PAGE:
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EU lawmakers call for sanctions on Myanmar junta

BRUSSELS (Reuters) - European Union lawmakers called on Thursday for the bloc’s governments to sanction Myanmar’s military leadership following last week’s military coup, issuing a resolution urging the reinstatement of civilian rule.

The resolution, which is not binding but carries political weight, was adopted by 677 votes in favour, one against and with 27 abstentions.

EU governments have condemned the Feb. 1 coup and are due to consider a response at their next meeting on Feb. 22. More sanctions on individuals and on businesses owned by the military were a possibility, EU foreign policy chief Josep Borrell said on Wednesday.

The EU, one of Myanmar’s main trade partners, could also cut development aid and reduce Myanmar’s tariff-free access to the bloc’s almost 500 million consumers.

However, Borrell warned that withdrawing trade preferences would damage the textile sector, while leaving businesses run by the military untouched. “Five hundred thousand workers would be at risk, mostly women. So we cannot afford taking these kinds of measures,” Borrell said.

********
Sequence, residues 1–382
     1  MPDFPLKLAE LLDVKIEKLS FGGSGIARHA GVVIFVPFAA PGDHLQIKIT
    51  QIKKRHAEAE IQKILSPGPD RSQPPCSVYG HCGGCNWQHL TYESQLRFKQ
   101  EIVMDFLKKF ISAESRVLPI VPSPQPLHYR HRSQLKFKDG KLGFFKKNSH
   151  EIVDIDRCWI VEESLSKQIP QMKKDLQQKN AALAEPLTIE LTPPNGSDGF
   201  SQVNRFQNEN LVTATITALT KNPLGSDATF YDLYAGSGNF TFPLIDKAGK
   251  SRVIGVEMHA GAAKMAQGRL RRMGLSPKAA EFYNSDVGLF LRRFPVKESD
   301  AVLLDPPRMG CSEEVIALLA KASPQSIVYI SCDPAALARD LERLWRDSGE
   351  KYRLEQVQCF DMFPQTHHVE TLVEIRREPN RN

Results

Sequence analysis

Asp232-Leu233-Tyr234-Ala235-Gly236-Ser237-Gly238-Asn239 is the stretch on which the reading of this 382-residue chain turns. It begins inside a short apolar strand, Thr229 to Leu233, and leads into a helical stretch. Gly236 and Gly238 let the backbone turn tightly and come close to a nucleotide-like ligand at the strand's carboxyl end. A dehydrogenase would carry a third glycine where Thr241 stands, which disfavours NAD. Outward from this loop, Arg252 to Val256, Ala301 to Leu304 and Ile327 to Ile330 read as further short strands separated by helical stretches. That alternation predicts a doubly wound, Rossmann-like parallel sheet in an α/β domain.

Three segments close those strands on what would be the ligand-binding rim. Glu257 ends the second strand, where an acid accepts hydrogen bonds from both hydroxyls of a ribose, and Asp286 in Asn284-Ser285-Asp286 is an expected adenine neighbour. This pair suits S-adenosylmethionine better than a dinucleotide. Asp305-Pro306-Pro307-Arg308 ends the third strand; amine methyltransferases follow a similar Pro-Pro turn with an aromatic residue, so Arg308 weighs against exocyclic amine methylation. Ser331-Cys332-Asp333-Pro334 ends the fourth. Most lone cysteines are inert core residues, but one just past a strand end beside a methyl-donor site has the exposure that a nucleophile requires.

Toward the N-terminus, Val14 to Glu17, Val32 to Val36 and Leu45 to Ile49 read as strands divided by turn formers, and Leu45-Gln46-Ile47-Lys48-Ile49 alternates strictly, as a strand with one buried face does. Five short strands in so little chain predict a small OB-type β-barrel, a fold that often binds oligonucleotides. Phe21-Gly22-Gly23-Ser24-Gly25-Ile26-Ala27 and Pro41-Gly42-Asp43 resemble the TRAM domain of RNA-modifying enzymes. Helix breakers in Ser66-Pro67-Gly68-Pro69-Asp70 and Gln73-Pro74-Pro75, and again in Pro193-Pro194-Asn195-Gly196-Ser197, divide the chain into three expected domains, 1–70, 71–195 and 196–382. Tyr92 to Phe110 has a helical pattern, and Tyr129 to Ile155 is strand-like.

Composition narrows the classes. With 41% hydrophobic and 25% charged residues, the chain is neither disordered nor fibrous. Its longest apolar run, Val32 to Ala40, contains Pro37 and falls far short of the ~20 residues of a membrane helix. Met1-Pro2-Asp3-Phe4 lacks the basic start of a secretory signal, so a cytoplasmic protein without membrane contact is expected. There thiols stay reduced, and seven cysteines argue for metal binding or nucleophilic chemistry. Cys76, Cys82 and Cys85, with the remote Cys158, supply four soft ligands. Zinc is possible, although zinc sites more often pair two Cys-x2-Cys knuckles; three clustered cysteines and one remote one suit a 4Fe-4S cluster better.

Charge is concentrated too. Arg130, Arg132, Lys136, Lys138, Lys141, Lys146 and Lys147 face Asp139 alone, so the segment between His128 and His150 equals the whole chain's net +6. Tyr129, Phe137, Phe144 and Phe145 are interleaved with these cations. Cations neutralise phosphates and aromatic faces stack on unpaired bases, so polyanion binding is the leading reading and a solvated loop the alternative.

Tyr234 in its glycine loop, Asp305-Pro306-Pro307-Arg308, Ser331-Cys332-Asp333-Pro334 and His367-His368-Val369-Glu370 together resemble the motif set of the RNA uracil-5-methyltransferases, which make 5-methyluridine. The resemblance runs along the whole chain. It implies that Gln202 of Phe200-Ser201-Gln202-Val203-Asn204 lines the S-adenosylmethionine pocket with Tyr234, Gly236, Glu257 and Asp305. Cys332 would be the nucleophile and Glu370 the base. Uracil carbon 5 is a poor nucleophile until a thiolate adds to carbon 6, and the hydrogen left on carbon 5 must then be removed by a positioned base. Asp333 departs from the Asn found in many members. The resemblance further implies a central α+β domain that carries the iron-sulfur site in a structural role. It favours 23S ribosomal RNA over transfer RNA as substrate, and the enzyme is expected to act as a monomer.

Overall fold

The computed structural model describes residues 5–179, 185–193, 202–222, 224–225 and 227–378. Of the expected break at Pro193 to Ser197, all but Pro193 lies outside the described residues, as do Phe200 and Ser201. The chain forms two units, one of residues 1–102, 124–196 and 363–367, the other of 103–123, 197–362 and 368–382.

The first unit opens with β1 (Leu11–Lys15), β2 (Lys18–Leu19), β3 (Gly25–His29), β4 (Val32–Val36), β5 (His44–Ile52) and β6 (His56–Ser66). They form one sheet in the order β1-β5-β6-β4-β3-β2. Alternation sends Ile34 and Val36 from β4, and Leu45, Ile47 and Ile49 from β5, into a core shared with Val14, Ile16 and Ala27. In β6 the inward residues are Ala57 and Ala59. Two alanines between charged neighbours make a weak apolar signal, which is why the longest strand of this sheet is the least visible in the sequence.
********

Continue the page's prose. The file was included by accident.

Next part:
U.S. President Joe Biden approved on Wednesday an executive order for new sanctions on those responsible for the coup, and repeated demands for the generals to give up power and free civilian leaders.

Although ousted leader Aung San Suu Kyi has lost favour with the West because of her defence of the military over allegations of genocide against at Myanmar’s Rohingya population, the European Parliament also called for her release.

“Aung San Suu Kyi continues to be the symbol of the Burmese people when it comes to democratic aspirations and ambitions for a more just and democratic future,” the parliament said in its resolution.

Reporting by Robin Emmott; Editing by Alex Richardson

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